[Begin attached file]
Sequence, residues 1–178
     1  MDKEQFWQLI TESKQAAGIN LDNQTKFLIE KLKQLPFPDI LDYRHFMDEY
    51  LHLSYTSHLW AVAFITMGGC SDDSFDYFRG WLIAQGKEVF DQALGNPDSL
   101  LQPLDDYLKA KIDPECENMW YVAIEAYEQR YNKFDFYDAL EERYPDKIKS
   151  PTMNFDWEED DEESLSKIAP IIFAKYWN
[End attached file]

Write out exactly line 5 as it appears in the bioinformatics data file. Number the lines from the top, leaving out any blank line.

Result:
   151  PTMNFDWEED DEESLSKIAP IIFAKYWN